As Oil Falls, These Kinds of Drillers Become Irresistible
Thanks to the drop in prices, some TV pundits are now talking about the end of the “new” oil age.
Of course, most of these misfits couldn’t find an oil slick if they slipped on it. But that’s not stopping them, not one bit.
Now admittedly, it’s true. With oil now trading in a band between $80 and $88 a barrel, there’s a “new normal” for crude. (And as I’ll explain later, it just won’t last).
The little-known truth is that, in some cases, lower oil prices actually make some companies even more attractive.
Let me explain…
Why These “Chicken Littles” Couldn’t Be More Wrong
First, let’s get something straight right off the bat.
It’s important to realize that a decline like the one we’ve had lately is not a signal that there is a recession coming. If there was, that would be a cause for concern.
But there is nothing to even remotely indicate that an economic correction is coming – actually the indicators are all pointing in quite the opposite direction.
This is simply a supply/demand event. There is too much production to match what is needed and the market needs only a few months to compensate for it. That’s the way markets work.
Here’s where my major contention comes in, the one these talking heads fail (or refuse) to acknowledge. Keep in mind that those who fail to understand it are just not “oil savvy.”
What’s more, many of these guys are just really interested in making more money. They tell everybody “the sky is falling,” then rake in the cash by shorting the result.
My major point is this: When oil prices fall in a non-recessionary environment, it is all about the cost of production.
The onshore projects that are now falling off are the unconventional (shale and tight oil), deep horizontally drilled, fracked wells that are more expensive to develop. And while these projects have the potential to produce large volumes, they cost millions to complete.
Projects like these make perfect sense when oil prices are above $100 a barrel. At those levels, economies of scale take over and improve profit margins. The higher production volumes offset the higher operating costs.
That margin shrinks considerably when crude oil prices drop. On average, $90 a barrel is required for a “greenfield” or new unconventional project, while over $75 is preferred for a “brownfield” project, or the reworking of an existing wellhead location.
Of course, a project’s profit margin is calculated over the life of the well, not simply over a span of a few months. But the expenses are loaded upfront. That means more than 80% of what it costs to drill a well are paid before anything comes out of the ground. The longer the well lasts, therefore, the greater the profit.
Of course, a dry hole could easily cost $5 million or more. In times of higher oil prices, these non-producers are simply figured into the overall budget. It becomes a more difficult proposition if the market price is low.
The Market Just Loves These Kinds of Producers Right Now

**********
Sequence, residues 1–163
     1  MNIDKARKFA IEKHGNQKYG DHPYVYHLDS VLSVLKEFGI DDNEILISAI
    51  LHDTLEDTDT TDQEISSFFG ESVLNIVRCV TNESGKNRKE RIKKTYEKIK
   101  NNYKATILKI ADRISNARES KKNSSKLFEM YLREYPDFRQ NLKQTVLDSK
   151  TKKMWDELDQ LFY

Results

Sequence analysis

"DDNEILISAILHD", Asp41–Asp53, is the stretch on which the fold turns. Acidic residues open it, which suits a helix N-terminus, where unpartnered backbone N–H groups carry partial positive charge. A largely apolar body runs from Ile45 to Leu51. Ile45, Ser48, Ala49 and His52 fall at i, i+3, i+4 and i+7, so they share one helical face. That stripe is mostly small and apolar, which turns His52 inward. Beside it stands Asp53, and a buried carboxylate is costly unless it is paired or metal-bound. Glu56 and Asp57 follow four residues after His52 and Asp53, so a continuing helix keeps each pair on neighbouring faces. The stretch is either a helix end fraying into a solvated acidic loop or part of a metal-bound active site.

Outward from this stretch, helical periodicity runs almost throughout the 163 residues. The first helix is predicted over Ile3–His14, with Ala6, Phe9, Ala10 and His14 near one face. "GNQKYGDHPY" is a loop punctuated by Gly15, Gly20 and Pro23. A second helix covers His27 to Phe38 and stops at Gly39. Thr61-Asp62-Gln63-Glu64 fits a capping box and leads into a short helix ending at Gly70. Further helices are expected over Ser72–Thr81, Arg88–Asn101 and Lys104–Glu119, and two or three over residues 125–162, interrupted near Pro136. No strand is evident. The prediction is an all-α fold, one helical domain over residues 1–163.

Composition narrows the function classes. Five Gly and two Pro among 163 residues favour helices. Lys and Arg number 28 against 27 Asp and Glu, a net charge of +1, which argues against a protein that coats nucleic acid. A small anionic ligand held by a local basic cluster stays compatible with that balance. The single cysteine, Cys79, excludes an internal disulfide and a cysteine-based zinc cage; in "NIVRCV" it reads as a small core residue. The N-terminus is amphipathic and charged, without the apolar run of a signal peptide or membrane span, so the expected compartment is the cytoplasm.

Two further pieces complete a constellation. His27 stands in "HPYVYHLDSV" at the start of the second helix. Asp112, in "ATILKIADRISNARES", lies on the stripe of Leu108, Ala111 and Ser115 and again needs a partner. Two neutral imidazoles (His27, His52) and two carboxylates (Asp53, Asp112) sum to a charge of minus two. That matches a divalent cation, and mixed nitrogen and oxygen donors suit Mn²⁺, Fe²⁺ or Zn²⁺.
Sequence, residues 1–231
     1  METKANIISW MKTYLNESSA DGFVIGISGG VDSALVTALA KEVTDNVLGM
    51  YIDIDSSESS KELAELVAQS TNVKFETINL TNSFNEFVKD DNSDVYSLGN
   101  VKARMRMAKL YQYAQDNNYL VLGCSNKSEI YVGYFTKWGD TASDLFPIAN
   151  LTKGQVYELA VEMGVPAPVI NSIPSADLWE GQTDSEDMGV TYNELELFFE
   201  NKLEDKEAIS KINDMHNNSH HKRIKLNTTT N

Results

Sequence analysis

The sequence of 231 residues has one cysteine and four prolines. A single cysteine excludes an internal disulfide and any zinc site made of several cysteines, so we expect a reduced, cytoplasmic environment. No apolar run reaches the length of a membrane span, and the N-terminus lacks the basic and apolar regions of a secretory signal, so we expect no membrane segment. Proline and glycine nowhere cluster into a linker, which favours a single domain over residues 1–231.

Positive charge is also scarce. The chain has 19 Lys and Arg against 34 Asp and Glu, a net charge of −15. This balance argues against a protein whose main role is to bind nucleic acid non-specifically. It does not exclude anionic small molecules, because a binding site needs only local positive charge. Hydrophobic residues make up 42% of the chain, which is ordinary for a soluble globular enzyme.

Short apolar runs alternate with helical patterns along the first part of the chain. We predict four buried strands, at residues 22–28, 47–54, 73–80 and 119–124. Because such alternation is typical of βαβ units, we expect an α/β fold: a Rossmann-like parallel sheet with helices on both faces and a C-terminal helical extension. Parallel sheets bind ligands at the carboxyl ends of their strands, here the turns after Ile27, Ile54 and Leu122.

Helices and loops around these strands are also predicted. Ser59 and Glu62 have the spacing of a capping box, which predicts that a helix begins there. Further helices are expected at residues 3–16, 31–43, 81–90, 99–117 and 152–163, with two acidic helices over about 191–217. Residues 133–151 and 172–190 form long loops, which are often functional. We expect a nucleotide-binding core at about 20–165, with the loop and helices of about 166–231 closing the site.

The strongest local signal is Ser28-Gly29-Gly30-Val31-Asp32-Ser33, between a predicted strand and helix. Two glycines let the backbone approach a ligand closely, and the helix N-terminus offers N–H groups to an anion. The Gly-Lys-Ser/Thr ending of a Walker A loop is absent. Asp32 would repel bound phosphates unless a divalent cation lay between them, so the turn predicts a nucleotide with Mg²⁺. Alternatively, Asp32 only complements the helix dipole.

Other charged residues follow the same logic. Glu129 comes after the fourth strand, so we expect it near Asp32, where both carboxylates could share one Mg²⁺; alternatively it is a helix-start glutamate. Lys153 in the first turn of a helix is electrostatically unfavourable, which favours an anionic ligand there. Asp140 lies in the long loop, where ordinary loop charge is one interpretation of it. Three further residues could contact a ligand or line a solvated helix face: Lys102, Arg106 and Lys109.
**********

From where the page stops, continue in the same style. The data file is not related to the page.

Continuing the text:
But more conventional producers don’t have these problems.
The companies that prosper during lower price periods drill traditional, conventional, shallow and vertical wells. These wells are quick in and quick out. They cost very little in comparison to complete, usually less than 10% of a deep fracked horizontal. Dry holes, therefore, are less of a problem in a drilling program that can finish wells in a week, as opposed to several months.
So when oil prices drop, extraction from shallow vertical wells tends to crowd out production from more expensive competitors.
Why? It’s due to one simple overriding factor. Traditional wells are often profitable at $65 a barrel, and sometimes even less.
And remember, supply may be up right now (resulting in lower market prices), but demand – even a sluggish demand scenario – will still require product.
So the “cheaper wells” end up grabbing a greater percentage of an existing market and the companies that drill those wells actually benefit from the falling overall price. They just grab a bigger market share.
This is why both of our most recent direct investment projects – Money Map Project #2 and #2(A) – have emphasized combining already producing wells (where the operating costs are minimal) with cheap, quick, shallow, vertical drilling of new wells.
In short, these projects are designed to move right into today’s oil “sweet spot” where the bulk of the profits will be made. And, of course, those profits continue for the life of the wells. That could easily be 10 or 15 years and even longer – in all pricing environments.
That’s the advantage of owning what comes out of the ground, not simply stock issued by a company looking for it.
Of course, oil prices are never static. We may see some brief moves around $80 a barrel, but the most likely move from here will be up. Not to $120 or even $110, but above $90 a barrel.
The reason for this is pretty straight forward.
As I noted earlier, lower oil prices are not an indicator of approaching economic problems. They are rather a barometer of supply and demand.
Two things happen in these cases. First, the lower the price the more oil we use. It is just axiomatic that we use more of a product like oil when the price is lower.
However, the second factor (and more decisive) occurs on the supply side. Lower prices discourage marginal production. That reduces the supply side of things and puts upward pressure on prices.
This is going to occur regardless of the geopolitical situation (which could of its own accord result in a big price jump) or moves by the Saudis (who have “proved their point” and will be relaxing their own export price cuts).
So the truth is there are plenty of ways to make money in oil these days.